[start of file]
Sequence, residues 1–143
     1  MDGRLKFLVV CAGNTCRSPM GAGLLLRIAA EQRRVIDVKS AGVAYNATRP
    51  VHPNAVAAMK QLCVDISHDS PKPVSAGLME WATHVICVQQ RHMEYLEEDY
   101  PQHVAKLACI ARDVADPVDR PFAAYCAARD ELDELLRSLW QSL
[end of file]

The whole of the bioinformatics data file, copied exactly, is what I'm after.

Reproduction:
Sequence, residues 1–143
     1  MDGRLKFLVV CAGNTCRSPM GAGLLLRIAA EQRRVIDVKS AGVAYNATRP
    51  VHPNAVAAMK QLCVDISHDS PKPVSAGLME WATHVICVQQ RHMEYLEEDY
   101  PQHVAKLACI ARDVADPVDR PFAAYCAARD ELDELLRSLW QSL